Nearly a quarter of the global online population are thinking about purchasing a car in the next 3 to 6 months.
With this stat alone, you wouldn’t think the automotive industry was facing a crisis.
But the truth is, demand for new cars is declining rapidly, meaning the fight for market share becomes all the more competitive, and that remaining quarter all the more coveted.
Our latest report looks in detail at the modern car buyer to answer key questions in the automotive industry, such as:
- Who is today’s car buyer?
- What is the buyer journey in the UK and U.S.?
- How do you increase dealership footfall?
- How do you encourage peer-to-peer recommendations?
Using the insights from our report, we shine a spotlight on the modern car buyer’s behavior and psychographics to help automotive brands get a foothold in this rapidly evolving and turbulent industry.
We start by profiling car buyers, moving onto their media consumption habits and purchase journey before bringing it together into actionable points for your targeting strategy.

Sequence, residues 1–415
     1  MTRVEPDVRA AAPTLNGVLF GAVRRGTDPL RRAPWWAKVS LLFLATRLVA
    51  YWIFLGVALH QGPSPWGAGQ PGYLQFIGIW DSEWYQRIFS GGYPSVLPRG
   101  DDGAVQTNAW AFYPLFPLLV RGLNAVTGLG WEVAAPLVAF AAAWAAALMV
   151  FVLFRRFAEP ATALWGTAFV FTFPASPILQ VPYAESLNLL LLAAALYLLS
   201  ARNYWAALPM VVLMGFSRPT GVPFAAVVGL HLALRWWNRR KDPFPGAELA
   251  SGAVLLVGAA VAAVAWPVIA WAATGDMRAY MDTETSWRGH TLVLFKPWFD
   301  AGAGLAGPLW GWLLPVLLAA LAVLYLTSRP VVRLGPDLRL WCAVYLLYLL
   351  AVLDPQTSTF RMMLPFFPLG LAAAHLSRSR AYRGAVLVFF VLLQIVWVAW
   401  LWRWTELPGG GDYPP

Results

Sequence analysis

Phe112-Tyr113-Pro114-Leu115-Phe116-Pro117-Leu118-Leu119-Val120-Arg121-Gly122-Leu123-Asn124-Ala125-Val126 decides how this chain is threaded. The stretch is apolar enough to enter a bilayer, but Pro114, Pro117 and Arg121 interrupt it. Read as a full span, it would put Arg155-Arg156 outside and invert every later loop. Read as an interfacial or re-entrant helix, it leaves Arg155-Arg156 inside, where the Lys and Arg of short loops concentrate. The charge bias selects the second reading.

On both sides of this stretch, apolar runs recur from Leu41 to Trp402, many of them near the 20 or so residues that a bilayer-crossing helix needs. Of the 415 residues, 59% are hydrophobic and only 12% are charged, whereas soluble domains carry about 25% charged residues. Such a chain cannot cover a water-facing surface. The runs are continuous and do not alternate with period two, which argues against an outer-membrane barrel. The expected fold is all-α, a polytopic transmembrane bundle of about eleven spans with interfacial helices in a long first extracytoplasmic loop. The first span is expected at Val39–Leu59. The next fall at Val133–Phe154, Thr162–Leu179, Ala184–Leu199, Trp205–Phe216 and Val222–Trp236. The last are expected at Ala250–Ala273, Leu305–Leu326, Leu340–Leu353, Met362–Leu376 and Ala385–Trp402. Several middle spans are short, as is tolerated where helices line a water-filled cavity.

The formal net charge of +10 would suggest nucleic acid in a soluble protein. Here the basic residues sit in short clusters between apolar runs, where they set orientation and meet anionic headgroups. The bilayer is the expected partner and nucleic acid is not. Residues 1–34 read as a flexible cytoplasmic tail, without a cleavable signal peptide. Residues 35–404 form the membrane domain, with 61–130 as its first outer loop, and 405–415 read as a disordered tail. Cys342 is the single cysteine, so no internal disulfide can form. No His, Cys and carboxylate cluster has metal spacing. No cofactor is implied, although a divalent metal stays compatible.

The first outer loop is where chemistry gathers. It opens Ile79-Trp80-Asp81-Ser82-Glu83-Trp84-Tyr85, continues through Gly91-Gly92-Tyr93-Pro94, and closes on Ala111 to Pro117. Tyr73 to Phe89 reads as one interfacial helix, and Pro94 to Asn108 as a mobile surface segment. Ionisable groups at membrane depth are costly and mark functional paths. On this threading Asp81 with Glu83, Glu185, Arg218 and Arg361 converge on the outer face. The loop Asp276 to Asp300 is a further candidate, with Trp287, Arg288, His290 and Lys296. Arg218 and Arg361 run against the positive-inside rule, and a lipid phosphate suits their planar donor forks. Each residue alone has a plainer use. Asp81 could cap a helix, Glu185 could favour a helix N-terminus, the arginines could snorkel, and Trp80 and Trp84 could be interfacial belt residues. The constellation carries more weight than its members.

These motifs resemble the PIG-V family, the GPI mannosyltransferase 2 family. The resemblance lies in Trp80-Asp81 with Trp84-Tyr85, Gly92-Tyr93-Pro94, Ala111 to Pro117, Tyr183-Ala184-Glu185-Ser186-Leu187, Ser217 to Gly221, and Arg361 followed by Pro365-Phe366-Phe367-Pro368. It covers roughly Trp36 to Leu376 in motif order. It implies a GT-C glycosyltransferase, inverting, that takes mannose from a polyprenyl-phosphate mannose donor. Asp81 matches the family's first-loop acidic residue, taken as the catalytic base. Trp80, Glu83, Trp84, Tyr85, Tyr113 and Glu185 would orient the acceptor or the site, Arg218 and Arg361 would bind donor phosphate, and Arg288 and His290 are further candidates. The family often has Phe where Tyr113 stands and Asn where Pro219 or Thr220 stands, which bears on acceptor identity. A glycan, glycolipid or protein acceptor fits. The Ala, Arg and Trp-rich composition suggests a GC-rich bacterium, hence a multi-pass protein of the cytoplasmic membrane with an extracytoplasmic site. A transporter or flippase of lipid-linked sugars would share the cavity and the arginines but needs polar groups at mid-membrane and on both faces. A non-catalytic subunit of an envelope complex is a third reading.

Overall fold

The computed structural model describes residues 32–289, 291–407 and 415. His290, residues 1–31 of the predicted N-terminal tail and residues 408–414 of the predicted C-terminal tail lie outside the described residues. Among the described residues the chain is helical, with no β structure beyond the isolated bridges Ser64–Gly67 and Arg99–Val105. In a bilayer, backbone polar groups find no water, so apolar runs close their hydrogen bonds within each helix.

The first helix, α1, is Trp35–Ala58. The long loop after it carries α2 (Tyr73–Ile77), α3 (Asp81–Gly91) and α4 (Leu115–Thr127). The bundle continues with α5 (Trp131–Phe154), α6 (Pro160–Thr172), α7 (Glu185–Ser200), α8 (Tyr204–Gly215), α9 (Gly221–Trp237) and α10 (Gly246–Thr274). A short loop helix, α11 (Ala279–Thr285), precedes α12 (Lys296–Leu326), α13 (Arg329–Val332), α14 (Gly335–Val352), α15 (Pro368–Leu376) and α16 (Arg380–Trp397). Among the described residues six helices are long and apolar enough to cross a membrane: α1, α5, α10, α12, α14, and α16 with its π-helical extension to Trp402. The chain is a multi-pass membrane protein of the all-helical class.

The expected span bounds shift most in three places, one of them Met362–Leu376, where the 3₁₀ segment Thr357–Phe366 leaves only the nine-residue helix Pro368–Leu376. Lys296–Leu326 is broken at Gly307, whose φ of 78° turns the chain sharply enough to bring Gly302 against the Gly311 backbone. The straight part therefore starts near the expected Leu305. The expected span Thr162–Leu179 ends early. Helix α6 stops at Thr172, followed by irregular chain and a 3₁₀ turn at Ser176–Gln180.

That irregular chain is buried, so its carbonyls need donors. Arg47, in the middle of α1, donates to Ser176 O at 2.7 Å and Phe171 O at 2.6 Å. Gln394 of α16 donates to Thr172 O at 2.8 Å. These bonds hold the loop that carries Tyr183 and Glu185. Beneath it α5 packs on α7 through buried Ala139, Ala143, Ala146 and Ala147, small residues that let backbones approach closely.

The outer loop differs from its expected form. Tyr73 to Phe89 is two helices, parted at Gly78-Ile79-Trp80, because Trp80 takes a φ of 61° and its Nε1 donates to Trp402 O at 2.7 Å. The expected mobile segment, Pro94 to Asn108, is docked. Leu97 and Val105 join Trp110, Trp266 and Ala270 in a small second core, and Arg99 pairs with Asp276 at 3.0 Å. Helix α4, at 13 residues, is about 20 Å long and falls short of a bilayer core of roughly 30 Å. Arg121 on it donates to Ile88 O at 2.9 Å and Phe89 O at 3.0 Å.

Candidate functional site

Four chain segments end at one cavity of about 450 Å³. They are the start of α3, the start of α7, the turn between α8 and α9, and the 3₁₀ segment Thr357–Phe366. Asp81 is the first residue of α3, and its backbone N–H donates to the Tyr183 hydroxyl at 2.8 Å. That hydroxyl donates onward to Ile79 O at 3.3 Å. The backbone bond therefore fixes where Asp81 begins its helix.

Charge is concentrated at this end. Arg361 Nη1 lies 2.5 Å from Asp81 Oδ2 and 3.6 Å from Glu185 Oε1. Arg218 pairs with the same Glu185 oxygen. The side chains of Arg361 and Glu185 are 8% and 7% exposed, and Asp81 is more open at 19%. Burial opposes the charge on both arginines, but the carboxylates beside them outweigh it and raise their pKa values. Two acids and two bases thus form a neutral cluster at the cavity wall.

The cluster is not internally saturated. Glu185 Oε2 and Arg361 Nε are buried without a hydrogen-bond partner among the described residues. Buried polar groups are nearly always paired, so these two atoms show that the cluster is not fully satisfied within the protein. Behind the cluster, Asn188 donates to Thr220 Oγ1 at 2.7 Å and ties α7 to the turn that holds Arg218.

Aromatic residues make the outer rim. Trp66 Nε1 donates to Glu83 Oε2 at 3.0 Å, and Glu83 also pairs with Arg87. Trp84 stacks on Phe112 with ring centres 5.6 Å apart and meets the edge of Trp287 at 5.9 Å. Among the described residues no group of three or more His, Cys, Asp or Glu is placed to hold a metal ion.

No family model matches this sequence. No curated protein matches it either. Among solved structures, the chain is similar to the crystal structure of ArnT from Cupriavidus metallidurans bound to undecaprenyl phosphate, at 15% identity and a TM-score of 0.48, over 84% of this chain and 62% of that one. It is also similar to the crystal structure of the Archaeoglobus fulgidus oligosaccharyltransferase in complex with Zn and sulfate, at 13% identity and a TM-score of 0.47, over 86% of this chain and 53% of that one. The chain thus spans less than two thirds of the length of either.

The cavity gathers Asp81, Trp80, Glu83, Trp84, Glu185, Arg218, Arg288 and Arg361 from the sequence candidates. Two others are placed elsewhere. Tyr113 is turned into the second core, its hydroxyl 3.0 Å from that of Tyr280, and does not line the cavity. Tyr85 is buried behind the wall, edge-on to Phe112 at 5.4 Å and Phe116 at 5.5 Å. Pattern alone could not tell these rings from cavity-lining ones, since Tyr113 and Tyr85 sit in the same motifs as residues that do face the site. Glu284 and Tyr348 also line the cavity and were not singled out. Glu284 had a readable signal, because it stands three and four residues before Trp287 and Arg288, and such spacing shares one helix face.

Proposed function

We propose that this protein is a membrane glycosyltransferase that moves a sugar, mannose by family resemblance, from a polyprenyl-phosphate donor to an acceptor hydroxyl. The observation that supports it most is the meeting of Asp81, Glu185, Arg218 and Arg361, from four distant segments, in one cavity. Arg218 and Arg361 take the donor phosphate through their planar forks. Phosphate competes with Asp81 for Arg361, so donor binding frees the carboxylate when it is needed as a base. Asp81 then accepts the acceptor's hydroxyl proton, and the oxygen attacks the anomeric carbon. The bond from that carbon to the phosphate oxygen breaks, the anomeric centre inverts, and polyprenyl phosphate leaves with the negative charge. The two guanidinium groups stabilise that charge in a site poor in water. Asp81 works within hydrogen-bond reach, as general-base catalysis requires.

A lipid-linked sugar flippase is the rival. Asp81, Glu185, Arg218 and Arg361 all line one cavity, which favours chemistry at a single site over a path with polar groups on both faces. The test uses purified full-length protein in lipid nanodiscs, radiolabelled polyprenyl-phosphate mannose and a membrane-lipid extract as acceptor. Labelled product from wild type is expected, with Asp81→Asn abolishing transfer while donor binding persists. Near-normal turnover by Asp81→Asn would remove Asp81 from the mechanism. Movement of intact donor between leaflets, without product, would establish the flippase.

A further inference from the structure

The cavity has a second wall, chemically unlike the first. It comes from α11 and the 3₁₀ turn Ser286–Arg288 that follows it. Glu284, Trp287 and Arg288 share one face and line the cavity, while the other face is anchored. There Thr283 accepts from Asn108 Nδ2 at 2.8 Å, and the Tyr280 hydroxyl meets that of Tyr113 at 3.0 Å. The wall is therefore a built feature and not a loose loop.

Profiling the car buyer
They’re married, affluent and cosmopolitan.
- They’re 27% more likely than the average consumer to be in the top 25% income bracket
- 84% own at least one car already
- They’re typically in their early 30s and married
- They have at least one child (56%)
Car buyers are 40% more likely than average to fall into our cosmopolitan attitudinal segment. This means they like to explore the world around them, be surrounded by different people, cultures, ideas and lifestyles, and are interested in other cultures and countries.
They’re heavy consumers of both traditional and digital media.
- They’re a digitally-savvy, mobile-first group.
- They spend an average of 13 hours 9 minutes on different kinds of media every day.
- Nearly 9 in 10 car buyers are watching linear TV at least once a week.
- They spend an average of 2 hours 49 minutes on social media, spread across some 12 platforms.
We know they’re digitally-savvy, socially engaged (online and offline) with wider interests in travel and the experiences that come with it.